Hot! Werner’s Killifish(ඉරි හඳයා)

Werner’s Killifish (Aplocheilus werneri) is Endemic to Sri Lanka. Relatively unfussy. Although it is naturally a predator it will usually accept live, frozen or dried foods in captivity.Males are more brightly coloured, have longer fins and grow larger than females.

Quite easily bred. It’s an egg scattering species. There exists several methods of spawning it and much is down to personal preference. Here is described the most common of these.

A spawning tank should be set up containing soft, slightly acidic water of pH 6.5, temerature 78°F. Slight deviation from these parameters is acceptable. The spawning aquarium should be brightly lit with floating plants for cover and large amounts of spawning medium in the form of fine-leaved plants such as java moss or nylon spawning mops. No substrate is necessary and gentle filtration via a small air-driven sponge filter is sufficient. The fish should be conditioned in a separate aquarium with lots of live food before a trio comprising 1 male and 2 females is selected and placed in the spawning tank. Spawning should occur the following morning.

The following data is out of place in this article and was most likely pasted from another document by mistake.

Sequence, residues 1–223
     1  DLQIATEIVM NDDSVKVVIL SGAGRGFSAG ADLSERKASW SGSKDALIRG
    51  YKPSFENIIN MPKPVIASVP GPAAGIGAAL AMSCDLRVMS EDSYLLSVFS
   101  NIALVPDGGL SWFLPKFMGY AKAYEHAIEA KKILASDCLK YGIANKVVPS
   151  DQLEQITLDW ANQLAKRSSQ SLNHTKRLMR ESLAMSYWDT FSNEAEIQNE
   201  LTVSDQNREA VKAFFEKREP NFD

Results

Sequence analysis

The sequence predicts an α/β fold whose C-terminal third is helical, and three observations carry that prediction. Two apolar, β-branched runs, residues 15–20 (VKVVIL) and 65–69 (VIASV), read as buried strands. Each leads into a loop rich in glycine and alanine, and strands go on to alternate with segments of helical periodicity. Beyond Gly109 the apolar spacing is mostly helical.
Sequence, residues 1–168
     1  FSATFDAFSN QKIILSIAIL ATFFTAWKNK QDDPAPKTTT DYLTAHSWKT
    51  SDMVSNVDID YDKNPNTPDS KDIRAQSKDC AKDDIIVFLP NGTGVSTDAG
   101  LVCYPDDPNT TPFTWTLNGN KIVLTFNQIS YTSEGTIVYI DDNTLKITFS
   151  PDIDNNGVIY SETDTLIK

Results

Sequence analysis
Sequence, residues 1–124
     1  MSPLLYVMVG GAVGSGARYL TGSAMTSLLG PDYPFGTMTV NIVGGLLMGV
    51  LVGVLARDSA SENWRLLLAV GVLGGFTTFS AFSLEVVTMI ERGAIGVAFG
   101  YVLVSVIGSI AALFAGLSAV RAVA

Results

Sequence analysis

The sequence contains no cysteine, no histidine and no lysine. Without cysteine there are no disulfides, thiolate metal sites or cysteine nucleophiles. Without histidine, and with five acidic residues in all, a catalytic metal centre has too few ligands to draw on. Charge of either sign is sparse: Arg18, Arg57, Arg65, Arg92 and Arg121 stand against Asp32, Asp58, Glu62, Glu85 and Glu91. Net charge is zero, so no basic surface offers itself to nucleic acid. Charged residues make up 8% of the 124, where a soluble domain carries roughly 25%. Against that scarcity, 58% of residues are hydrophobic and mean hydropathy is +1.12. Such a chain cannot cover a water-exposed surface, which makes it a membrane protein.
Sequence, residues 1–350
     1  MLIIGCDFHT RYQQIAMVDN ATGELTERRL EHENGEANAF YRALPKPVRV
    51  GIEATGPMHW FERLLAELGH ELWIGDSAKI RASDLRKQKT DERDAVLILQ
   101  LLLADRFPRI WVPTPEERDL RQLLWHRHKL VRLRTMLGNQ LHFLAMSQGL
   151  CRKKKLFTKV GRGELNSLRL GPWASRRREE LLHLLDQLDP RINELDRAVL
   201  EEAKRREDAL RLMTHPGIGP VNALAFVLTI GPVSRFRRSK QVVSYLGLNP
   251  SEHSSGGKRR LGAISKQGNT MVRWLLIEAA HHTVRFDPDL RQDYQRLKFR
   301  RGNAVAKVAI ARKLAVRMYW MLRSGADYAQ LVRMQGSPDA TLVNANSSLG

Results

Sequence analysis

The fish will spawn daily, depositing 10-30 eggs every 24 hours for around 2 weeks and these should be removed gently as they are noticed. Each trio should only be allowed to spawn for a week or so before being returned to the conditioning tank, as the spawning process is hard on the fish (particularly the females) and they can become fatigued and weak if left for too long.

The eggs should be transferred daily to a small aquarium containing water from the spawning tank to a depth of 1-2 inches to which has been added 1-3 drops of methylene blue, depending on volume. This container should be checked daily for fungussed eggs, which should be removed with a pipette. The eggs will hatch in 11-14 days depending on temperature.

The fry are large enough to take newly hatched brine shrimp as soon as their yolk sacs have been used up. They will also accept microworm from around the third day. They should be watched closely and separated as they grow as larger fry will prey on their smaller siblings.

Unlike many other killifish species, it is usually found in bodies of permanent water and is not an annual species. This species is not seen often in the hobby. It was originally considered a subspecies of Aplocheilus dayi and is still sometimes referred to using the incorrect name Aplocheilus dayi werneri.

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